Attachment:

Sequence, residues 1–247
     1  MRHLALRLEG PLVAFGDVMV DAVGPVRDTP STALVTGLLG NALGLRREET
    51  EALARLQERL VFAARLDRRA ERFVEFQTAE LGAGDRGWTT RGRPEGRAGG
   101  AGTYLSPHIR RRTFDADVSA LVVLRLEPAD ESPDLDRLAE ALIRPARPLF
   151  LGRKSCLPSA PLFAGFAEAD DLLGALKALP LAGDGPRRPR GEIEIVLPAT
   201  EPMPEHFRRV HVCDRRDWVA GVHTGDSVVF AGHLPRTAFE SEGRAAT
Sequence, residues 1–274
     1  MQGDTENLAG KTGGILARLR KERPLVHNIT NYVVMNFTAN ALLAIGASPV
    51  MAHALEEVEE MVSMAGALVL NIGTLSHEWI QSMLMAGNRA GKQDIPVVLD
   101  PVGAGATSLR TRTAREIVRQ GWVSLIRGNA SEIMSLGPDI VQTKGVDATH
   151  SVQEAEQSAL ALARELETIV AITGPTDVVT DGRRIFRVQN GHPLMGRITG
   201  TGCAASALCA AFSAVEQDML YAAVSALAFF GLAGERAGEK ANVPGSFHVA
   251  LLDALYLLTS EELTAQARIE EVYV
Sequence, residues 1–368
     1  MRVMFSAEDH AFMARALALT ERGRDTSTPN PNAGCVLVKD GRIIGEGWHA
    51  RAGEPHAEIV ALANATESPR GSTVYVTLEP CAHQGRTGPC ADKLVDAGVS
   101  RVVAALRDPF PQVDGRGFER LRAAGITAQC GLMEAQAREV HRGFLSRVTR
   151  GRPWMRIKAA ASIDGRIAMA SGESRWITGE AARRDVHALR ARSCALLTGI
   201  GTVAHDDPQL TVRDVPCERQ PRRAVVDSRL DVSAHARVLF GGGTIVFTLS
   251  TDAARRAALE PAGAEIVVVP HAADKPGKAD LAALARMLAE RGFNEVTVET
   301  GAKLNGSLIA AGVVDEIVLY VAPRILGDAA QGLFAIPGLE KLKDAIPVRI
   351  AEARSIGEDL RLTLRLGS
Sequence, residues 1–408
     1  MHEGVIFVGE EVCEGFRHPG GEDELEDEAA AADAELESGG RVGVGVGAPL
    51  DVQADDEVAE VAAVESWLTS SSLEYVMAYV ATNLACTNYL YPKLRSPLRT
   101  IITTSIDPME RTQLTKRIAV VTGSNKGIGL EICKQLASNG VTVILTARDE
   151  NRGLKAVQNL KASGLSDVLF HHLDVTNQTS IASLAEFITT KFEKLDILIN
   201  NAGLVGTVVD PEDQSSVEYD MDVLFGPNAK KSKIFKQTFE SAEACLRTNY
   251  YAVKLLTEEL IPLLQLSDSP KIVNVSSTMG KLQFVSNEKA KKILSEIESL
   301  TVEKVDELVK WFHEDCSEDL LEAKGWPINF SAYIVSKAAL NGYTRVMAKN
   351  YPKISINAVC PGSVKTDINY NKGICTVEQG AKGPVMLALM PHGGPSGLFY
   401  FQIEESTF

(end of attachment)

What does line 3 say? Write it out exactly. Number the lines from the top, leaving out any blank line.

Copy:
    51  EALARLQERL VFAARLDRRA ERFVEFQTAE LGAGDRGWTT RGRPEGRAGG